National Folk Festival Sweet Music For Salisbury Economy
The recent 80th National Folk Festival in Salisbury has the Crossroads of Delmarva singing a happy tune.
An economic impact study indicates that the festival drew about 91,000 people over its three days, and that it generated about $19.8-million in economic activity. The study conducted by BEACON, the Business and Economic Community Outreach Network at Salisbury University takes into account money spent by visitors, vendors and performers.
Also, the study indicates that about 40-percent of attendees, or 35,000 people, traveled from outside of the Salisbury area.
“While this year’s in-person festival was different than any National Folk Festival before it due to the global pandemic, the results of the economic impact study suggest how impressive the festival’s effects are, and will continue to be, on Salisbury’s local economy,” Salisbury Mayor Jake Day said. “Thank you to the teams at BEACON and Salisbury University for working with us for the third year to conduct this study.”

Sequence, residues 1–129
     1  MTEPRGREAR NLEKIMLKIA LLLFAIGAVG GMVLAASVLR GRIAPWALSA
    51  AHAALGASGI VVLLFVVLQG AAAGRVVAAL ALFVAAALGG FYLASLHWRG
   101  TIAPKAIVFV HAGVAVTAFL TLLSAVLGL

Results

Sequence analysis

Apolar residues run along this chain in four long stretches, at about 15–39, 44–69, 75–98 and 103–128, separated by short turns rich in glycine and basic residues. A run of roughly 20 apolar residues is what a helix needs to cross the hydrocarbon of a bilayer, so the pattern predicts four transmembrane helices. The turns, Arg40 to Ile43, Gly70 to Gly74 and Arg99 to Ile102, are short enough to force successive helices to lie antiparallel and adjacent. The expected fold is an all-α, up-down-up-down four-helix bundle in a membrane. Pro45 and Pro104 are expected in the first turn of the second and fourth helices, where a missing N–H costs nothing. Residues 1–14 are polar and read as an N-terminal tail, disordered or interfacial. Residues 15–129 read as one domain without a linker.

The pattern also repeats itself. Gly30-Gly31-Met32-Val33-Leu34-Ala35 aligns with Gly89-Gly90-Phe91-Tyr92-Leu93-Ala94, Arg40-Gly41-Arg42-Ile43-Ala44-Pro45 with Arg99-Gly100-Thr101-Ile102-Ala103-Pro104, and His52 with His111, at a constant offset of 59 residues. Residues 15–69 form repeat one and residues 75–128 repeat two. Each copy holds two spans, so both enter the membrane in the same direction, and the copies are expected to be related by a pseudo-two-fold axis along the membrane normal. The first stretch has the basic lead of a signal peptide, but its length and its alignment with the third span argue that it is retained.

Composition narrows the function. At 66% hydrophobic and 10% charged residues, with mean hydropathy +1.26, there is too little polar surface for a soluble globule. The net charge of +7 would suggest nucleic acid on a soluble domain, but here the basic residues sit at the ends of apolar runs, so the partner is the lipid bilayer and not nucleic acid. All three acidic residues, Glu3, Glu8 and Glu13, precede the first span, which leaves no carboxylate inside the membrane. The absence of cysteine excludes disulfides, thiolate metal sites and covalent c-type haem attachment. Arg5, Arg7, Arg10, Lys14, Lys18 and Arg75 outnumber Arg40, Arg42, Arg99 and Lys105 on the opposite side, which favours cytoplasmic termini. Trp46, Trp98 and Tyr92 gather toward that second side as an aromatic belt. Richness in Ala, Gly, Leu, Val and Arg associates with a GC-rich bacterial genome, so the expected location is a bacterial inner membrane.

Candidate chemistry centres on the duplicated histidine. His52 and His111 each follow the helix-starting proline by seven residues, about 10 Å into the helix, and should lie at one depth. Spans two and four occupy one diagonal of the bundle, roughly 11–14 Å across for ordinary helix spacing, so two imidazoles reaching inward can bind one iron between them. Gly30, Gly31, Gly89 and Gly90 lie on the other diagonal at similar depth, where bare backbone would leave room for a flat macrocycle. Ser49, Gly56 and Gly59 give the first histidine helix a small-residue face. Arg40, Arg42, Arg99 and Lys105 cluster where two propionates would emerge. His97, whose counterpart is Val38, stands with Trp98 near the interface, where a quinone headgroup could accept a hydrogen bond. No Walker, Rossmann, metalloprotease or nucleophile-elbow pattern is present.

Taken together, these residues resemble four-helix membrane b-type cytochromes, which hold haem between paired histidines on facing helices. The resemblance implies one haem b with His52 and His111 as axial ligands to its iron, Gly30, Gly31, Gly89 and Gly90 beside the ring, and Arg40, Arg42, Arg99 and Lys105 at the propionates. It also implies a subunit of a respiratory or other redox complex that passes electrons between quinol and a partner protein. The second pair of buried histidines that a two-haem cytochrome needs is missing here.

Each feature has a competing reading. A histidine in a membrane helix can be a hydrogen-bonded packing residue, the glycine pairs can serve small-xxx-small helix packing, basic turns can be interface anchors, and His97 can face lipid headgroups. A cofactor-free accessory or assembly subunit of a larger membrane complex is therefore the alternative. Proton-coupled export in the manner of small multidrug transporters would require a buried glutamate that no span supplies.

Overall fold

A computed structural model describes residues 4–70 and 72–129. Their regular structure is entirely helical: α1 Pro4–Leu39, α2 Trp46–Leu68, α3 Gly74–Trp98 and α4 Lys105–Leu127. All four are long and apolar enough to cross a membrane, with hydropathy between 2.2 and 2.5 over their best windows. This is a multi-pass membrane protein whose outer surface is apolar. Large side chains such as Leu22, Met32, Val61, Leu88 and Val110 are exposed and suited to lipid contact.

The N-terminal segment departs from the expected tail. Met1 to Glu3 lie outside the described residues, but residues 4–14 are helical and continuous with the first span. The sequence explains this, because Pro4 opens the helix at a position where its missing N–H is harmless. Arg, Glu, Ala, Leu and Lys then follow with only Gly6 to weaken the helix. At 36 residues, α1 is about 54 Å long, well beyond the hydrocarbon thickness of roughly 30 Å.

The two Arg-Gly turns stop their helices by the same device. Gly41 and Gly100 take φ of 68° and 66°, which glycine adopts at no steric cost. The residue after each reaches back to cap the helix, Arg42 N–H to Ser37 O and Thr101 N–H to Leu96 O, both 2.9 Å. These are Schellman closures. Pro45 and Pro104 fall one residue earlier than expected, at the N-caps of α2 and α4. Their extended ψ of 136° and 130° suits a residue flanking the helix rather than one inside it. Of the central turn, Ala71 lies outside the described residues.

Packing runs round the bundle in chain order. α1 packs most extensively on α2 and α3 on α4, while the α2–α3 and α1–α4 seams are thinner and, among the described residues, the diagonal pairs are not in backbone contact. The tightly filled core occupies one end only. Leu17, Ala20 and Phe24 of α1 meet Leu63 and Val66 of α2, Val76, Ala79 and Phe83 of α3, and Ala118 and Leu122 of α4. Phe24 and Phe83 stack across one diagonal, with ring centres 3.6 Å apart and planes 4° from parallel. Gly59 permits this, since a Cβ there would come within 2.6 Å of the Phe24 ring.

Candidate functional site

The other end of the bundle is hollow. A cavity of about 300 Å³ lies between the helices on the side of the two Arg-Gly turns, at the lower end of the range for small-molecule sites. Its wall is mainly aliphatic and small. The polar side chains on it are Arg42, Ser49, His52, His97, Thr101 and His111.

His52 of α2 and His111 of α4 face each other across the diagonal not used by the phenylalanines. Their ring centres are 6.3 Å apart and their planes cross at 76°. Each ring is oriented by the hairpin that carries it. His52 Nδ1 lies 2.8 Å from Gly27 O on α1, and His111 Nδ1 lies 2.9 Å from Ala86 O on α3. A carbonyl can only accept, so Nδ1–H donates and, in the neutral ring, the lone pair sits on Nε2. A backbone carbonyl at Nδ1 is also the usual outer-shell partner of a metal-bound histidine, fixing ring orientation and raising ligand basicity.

The National Folk Festival was in its third year of residency in Salisbury, and will return in late August 2022. The National Folk Festival is produced in partnership by the National Council for the Traditional Arts (NCTA) and the City of Salisbury.
“Through its partnership with the host city, the National Folk Festival is an economic and cultural powerhouse that unites communities in renewing civic pride, strengthening community collaborations, and spurring investments in community infrastructure and long term economic development,” NCTA Executive Director Lora Bottinelli said. We see in the results of the survey that the National has achieved success again, and we are proud of our work in collaboration with the City of Salisbury and the surrounding communities.”
To review the study, please CLICK HERE